Assembly Truth (4): Convictions (1)

It would be wonderful if everyone in assembly fellowship were there because of convictions. Sadly, most likely there are a few who are only there for family or for convenience. They will probably leave when it is no longer convenient to stay. I want to write about convictions under three headings: strength in convictions, failure in convictions, and caution in convictions.

Strength in Convictions (2 Chronicles 11:13-17)

We see from these five verses that there is strength in convictions. Here we read of leaders among God’s people who acted courageously and sacrificially for their convictions. The priests and the Levites first lost their jobs, then they were willing to suffer further loss by leaving their suburbs and possessions to go to Jerusalem. Their actions had the good effect of encouraging others in their convictions. We read, “And after them out of all the tribes of Israel such as set their heart to seek the Lord God of Israel came to Jerusalem to sacrifice unto the Lord God of their fathers” (v16).

A word of explanation might be in order. Jeroboam had set up a golden calf in Bethel and he then instructed the people of the 10 northern tribes that they did not need to go to Jerusalem to worship (as God had instructed in Deuteronomy 12), and thus the 10 northern tribes were led into idolatry from which they never recovered.This led to their captivity over 100 years before Judah. The priests and Levites (who were responsible to teach the Word of God) knew that was wrong, so they paid the price for their convictions by leaving for Jerusalem.

It is no wonder that we read in the next verse, “So they strengthened the kingdom of Judah, and made Rehoboam the son of Solomon strong, three years“ (2Chron 11:17). So we can see that there is strength in convictions! Believers who are willing to suffer loss for convictions from the Word of God are a source of encouragement, a tower of strength, and a well of inspiration wherever they are found. We read, “Buy the truth and sell it not” (Prov 23:23).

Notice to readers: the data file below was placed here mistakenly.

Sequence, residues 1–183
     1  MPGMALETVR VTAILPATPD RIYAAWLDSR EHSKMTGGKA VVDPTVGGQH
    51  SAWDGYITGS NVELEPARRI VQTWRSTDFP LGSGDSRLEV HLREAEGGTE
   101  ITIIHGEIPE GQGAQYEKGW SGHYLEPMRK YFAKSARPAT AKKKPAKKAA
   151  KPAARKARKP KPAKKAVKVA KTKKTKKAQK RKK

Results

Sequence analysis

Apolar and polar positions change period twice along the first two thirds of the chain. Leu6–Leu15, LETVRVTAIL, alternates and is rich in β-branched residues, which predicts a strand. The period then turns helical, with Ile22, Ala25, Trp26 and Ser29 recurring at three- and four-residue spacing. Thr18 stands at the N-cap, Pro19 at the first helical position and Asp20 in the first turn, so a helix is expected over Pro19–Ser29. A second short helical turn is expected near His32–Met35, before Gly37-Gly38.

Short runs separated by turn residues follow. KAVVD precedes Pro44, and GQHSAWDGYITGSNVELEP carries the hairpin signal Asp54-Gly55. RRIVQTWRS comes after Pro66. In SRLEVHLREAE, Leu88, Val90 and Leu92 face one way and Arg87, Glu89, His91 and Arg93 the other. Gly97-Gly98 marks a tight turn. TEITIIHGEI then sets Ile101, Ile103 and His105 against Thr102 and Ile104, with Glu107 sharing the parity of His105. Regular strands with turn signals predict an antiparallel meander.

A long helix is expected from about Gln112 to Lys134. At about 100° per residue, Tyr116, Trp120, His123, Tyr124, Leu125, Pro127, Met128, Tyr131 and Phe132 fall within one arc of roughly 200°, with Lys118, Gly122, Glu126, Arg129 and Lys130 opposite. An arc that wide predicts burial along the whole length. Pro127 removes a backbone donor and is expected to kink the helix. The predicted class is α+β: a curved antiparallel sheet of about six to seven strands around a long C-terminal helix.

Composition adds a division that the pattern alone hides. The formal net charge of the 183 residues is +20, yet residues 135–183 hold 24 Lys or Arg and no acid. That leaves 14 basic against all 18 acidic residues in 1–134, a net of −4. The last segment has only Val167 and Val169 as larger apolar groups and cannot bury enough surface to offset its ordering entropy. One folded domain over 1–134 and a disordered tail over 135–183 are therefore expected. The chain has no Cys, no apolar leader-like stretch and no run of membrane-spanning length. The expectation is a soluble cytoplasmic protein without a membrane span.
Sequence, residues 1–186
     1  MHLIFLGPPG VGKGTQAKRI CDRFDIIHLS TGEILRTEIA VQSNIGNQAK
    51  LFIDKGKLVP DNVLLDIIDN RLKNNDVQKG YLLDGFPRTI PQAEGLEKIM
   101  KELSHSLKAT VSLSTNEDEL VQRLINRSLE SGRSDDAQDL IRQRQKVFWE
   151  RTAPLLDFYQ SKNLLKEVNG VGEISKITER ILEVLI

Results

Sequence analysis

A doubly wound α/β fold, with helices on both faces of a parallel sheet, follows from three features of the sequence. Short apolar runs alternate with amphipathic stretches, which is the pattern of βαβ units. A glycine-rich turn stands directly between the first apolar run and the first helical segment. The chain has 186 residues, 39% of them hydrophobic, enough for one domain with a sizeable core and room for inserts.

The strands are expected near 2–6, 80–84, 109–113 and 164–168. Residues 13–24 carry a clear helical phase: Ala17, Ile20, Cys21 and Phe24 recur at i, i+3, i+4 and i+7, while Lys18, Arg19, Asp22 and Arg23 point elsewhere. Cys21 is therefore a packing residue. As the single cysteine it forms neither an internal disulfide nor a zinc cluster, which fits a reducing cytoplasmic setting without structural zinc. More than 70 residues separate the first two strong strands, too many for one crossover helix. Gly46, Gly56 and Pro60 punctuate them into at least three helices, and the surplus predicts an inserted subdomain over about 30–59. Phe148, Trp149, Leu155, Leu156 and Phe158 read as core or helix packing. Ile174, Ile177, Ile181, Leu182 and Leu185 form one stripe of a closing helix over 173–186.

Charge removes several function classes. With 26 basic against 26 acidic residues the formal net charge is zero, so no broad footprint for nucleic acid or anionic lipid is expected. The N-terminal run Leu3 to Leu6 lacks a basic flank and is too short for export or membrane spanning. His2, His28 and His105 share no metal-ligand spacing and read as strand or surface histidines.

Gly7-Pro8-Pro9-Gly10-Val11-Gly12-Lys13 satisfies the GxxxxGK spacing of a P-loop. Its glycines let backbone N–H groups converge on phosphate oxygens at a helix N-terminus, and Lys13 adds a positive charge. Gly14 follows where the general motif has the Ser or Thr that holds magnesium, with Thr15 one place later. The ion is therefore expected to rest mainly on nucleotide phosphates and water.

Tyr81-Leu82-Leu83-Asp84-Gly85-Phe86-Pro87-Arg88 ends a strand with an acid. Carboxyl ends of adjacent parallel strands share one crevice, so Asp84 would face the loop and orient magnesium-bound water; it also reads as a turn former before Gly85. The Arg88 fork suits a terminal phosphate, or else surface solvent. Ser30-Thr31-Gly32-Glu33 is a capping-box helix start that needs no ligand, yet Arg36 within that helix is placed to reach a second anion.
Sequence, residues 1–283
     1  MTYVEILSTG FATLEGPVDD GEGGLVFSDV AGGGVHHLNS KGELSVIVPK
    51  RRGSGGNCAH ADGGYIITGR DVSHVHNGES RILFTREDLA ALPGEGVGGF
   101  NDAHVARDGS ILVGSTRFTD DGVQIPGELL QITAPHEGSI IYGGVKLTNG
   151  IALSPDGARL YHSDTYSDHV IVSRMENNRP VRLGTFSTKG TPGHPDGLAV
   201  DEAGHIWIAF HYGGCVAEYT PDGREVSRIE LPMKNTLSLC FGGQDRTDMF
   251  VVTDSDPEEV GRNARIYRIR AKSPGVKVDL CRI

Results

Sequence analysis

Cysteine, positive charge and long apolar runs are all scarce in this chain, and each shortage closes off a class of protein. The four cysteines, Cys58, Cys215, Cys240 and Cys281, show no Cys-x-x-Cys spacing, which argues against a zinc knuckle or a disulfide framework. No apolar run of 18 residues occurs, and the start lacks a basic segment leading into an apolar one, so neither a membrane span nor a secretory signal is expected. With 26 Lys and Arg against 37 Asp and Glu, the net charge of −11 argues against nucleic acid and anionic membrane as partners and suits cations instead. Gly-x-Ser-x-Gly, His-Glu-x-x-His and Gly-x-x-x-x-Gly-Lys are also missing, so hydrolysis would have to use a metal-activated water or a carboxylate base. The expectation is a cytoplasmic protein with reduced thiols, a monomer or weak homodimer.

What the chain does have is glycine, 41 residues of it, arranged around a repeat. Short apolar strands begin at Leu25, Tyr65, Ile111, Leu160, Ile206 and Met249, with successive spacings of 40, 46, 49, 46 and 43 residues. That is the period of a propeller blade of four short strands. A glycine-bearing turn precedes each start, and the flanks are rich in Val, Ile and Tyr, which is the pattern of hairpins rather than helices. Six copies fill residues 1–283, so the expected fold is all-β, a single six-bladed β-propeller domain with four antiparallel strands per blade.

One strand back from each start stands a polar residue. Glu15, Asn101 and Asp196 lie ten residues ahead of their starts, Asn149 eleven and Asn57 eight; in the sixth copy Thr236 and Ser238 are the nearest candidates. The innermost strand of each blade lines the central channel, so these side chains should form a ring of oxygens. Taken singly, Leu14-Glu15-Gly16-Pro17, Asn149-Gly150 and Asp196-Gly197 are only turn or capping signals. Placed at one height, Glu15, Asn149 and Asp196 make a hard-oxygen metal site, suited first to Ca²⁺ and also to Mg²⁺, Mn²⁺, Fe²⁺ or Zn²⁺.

Similarly, many others in the Bible are an encouragement to us in convictions.Abraham, the Hebrew midwives in Egypt (Exo 1:15-21), Elijah, Mordecai, Daniel, Shadrach, Meshach, and Abednego, and indeed, all the heroes of faith (in Heb 11), including the nameless ones, serve as encouraging examples, each illustrating that there is strength in convictions.

But I want to emphasize that I am writing about convictions based on the Word of God. I am not writing about mere opinions. Sir Robert Anderson well stated, “Opinions are our own and should not be too firmly held, but truth is divine and it is worth living for and worth dying for. We are not called upon to die the martyr’s death, but we are called upon to share the martyr’s faith.”

We all know that nature abhors a vacuum. Nature also abhors a mental vacuum. When the mind is devoid of truth, it is easily filled with prejudices that may call themselves convictions, but they are not the kind of convictions about which I am writing. I am writing about convictions which are based on the Word of God. We read, “Prove all things, hold fast that which is good” (1Thes 5:21).

T. Ernest Wilson told me about the late Mrs. Will Barr of the assembly that now meets at Stark Road in Livonia, MI. She was the first in her family to be saved, and her parents did not like it. When she told her parents that she wanted to be baptized and received into the assembly gathering to the Name of the Lord Jesus Christ (through which she had gotten saved), her father said something like this, “Because you are of age, I can’t stop you; but, if you do, you won’t be welcome in this home any longer.” That made the decision more difficult. On the Lord’s Day when she was going to ask for baptism and reception, she wept at the thought that her parents, whom she loved, would not want to see her again.

Joe Stewart was at the Breaking of Bread that day, and although he did not know about her situation, God knew. After the Breaking of Bread, he read Psalm 27. It was encouraging to her when he read of the Psalmist’s desire, for she had a similar desire, “One thing have I desired of the Lord, that will I seek after; that I may dwell in the house of the Lord all the days of my life, to behold the beauty of the Lord, and to inquire in His temple (v4). Verse 10 especially encouraged her. “When my father and mother forsake me, then the Lord will take me up.” She was forsaken by her parents that very morning. Brother Wilson told her story at her funeral. She surely strengthened every assembly with which she was associated.